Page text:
Roundtree might hold the key to the group. He had 72 catches for 935 receiving yards and seven touchdowns as a sophomore but caught just 19 balls for 355 yards last season. Borges has moved Roundtree to flanker, which was Hemingway's spot a year ago.

"Playing flanker, I think you'll see Roy's numbers go back up," Borges said. "He's in great shape, running well and catching the ball right now in our first couple of practices. He's playing as well as he's played since I've been here. He's learned how to run the routes and read the coverages, and he has a big-play dimension to him. If he stays in one piece, I look for him to have a big year."

Just don't look for Michigan to change too much else this year on offense.

Big Ten lunchtime links

August, 15, 2011
Hope everybody had a great weekend. Only a couple more of those left without football.
Al Borges won't get a true gauge on Michigan's offensive players until they put on the pads.

But the Wolverines' offensive coordinator is seeing players grasp his system better than they did in spring ball. Borges told me Wednesday night that quarterback Denard Robinson is making strides, and no particular position group is lagging behind so far in preseason camp.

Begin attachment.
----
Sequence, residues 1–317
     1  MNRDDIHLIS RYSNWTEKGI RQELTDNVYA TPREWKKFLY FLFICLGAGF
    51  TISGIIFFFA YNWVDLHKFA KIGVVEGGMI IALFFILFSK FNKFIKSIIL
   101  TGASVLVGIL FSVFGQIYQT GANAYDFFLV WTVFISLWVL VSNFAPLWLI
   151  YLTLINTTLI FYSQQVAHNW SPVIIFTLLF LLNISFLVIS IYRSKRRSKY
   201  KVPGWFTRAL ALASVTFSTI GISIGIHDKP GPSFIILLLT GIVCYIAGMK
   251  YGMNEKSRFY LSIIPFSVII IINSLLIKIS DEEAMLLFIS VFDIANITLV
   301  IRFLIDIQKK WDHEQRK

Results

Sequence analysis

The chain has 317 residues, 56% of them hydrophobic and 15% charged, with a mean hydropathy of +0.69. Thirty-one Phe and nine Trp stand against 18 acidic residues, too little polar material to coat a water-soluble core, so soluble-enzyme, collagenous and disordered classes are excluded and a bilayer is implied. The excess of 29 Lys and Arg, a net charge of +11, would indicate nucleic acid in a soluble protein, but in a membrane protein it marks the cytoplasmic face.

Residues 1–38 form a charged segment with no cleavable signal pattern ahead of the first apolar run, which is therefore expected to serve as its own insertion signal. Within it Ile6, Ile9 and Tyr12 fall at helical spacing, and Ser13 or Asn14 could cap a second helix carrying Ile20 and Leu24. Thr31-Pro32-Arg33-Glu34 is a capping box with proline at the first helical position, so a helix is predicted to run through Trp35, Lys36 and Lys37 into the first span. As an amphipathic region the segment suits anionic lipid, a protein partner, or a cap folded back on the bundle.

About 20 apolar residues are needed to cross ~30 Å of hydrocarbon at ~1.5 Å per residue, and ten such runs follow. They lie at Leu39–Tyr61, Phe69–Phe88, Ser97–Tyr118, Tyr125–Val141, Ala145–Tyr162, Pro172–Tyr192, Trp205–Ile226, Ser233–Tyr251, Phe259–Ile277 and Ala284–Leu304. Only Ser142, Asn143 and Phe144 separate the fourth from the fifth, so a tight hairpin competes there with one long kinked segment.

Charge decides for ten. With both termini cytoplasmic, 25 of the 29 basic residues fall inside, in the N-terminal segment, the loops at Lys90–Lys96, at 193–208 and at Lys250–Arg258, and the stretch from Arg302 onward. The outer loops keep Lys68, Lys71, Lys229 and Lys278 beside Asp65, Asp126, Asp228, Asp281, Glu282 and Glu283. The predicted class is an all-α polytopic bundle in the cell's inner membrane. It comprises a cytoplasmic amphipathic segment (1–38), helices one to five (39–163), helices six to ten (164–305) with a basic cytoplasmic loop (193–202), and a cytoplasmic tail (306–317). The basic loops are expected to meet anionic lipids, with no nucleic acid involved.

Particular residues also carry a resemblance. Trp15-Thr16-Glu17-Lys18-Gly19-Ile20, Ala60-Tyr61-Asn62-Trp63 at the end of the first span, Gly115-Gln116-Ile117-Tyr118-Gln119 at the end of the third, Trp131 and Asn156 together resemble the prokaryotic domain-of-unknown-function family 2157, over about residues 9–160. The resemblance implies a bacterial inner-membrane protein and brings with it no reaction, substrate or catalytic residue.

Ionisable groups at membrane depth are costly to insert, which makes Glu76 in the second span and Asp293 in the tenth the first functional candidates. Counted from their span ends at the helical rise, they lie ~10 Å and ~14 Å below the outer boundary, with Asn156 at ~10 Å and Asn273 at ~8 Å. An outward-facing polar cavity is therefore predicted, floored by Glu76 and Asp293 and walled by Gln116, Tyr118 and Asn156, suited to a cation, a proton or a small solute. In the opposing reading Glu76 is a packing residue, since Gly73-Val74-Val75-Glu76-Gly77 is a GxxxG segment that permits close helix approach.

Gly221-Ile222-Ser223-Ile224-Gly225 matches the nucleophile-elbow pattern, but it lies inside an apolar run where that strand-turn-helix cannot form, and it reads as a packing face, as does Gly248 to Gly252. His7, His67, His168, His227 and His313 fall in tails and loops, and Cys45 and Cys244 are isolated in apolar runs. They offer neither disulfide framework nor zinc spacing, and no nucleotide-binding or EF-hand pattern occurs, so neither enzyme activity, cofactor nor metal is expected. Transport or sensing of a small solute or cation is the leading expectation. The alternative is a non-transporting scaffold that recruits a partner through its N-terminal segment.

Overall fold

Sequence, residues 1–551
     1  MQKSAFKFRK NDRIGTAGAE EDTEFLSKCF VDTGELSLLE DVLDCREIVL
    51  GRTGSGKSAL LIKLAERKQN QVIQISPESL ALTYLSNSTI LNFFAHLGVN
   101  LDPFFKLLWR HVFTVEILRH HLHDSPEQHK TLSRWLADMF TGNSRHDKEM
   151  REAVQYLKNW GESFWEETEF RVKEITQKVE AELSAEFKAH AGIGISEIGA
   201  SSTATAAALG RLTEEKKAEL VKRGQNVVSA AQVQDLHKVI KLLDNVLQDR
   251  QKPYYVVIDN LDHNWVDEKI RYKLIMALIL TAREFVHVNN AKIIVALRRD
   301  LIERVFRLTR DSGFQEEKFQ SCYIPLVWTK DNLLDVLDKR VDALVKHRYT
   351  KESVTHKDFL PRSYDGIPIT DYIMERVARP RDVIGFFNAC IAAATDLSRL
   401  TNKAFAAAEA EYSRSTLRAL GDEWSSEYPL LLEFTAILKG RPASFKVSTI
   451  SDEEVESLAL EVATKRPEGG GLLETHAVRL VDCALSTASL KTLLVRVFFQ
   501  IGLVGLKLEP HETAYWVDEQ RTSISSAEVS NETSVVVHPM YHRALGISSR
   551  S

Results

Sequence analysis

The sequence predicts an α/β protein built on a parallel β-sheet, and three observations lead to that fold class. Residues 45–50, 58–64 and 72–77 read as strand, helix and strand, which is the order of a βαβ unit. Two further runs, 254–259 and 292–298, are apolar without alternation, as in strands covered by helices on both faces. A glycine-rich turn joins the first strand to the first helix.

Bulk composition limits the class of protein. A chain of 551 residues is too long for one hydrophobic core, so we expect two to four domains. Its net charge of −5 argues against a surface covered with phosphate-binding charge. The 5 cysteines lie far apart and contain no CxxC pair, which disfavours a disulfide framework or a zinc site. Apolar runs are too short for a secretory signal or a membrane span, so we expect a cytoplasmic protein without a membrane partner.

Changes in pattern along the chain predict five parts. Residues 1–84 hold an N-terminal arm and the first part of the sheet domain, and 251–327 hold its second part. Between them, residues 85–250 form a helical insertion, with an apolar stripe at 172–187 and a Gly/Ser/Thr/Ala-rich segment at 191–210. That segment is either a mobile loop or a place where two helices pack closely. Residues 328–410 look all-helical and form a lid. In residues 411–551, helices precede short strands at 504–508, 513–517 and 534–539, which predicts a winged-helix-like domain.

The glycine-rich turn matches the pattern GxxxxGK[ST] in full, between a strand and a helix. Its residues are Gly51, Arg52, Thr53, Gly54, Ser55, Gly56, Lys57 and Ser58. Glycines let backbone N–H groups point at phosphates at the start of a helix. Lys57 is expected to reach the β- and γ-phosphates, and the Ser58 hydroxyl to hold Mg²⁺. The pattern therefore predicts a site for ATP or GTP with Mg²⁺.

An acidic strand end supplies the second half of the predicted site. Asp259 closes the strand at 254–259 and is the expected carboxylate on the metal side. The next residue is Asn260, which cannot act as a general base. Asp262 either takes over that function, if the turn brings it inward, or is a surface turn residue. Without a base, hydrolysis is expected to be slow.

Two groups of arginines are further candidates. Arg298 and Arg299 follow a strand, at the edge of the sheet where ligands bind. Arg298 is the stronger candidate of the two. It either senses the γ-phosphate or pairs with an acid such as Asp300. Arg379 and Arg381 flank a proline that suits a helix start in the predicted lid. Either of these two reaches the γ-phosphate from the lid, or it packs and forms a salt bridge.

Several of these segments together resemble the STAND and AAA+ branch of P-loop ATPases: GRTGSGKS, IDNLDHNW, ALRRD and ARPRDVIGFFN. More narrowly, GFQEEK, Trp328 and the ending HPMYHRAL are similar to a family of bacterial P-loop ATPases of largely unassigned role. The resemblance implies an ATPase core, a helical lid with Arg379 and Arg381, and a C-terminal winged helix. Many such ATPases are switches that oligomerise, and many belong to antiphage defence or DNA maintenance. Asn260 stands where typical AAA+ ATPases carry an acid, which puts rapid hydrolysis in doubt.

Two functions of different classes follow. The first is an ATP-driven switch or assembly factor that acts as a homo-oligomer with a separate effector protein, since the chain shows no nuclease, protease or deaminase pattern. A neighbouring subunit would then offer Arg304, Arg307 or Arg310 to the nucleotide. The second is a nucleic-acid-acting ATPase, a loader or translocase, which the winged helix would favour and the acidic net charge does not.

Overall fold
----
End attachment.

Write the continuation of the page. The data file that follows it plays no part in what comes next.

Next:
"They're basically all on schedule," Borges said. "Nobody in the first couple of groups looks completely confused anymore. In the spring, we were suffering through a lot of growing pains. Now it's good play, good play, bad play; where in the spring it was good play, bad play, good play, bad play, two good plays, two bad plays. We've ironed out a few of those bad plays.

"We haven't arrived, but all the kids know more than they did in the spring, which they should."

Borges is using the first five or six practices to reinstall what he did during the 15 spring workouts. He wants the players to gain confidence in a simple package of plays before throwing anything more at them.

"The system is not ingrained yet," he said, "so you've got to be careful."